The Omicron variant caused COVID-19 numbers to skyrocket in the past few weeks. The United States hit a record-high on Monday, Jan. 3 with one million new cases confirmed. According to the Center for Disease Control and Prevention, Omicron now accounts for up to 95% of COVID-19 cases, and the case numbers keep climbing daily.
Health professionals are clear that the best way to alleviate Omicron symptoms is to first get vaccinated and, if you’re already vaccinated, get boosted. While vaccinated people can contract Omicron, symptoms of the variant appear vastly different (not as many are losing their sense of taste and smell) and will be much milder compared to those who are unvaccinated.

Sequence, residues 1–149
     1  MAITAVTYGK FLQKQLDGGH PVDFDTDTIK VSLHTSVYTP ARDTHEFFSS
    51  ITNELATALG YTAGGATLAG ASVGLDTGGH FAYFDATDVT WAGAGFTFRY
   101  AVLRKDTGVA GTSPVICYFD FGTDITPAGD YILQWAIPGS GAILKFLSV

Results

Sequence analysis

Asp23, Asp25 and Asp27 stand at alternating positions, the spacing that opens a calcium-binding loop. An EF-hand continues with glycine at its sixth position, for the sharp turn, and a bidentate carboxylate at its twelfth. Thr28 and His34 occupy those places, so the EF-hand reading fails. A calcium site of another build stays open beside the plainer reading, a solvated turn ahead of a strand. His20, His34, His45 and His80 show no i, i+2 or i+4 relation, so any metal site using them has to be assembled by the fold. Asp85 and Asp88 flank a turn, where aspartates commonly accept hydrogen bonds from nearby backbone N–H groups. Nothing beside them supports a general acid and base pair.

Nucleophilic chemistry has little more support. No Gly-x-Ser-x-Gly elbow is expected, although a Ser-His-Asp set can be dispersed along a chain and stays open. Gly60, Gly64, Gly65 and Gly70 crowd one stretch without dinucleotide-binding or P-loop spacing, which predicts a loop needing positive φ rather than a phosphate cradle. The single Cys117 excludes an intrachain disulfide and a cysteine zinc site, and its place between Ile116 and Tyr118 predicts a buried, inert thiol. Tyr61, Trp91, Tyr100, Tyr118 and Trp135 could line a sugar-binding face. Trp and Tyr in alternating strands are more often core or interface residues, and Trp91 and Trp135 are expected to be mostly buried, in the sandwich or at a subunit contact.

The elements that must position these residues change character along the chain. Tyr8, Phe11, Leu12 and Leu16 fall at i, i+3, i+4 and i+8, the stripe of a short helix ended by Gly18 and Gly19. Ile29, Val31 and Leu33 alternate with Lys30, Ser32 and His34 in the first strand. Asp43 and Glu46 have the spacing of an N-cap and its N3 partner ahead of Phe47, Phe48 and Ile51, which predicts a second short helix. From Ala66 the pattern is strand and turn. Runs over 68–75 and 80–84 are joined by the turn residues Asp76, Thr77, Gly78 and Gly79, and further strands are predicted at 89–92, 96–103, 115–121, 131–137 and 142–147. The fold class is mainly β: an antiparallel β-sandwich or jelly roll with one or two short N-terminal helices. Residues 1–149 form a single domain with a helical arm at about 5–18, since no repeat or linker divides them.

If you end up sick with Omicron and some symptoms appear, it may become difficult to determine the type of foods to eat while you’re feeling sick. Especially if you don’t feel like eating at all.
“People that get these conditions, people who get Omicron, Delta, or Influenza, don’t really have big appetites,” says Robert G. Lahita MD, Ph.D. (“Dr. Bob”), Director of the Institute for Autoimmune and Rheumatic Disease at Saint Joseph Health and author of Immunity Strong. “With Omicron the throat is so sore, it’s as though you have strep throat. Even liquids hurt.”
With a severe sore throat and a body that doesn’t feel hungry, We asked Dr. Bob to share some tips on how to nourish your body through sickness, a few steps to take as you start to feel better, and what foods to avoid throughout the whole process.
One of the best foods you can eat when you have Omicron is yogurt. It’s soft, cold, feels good on the throat, and packed with protein to keep you full.
“I’ve been suggesting that the best thing to do is to probably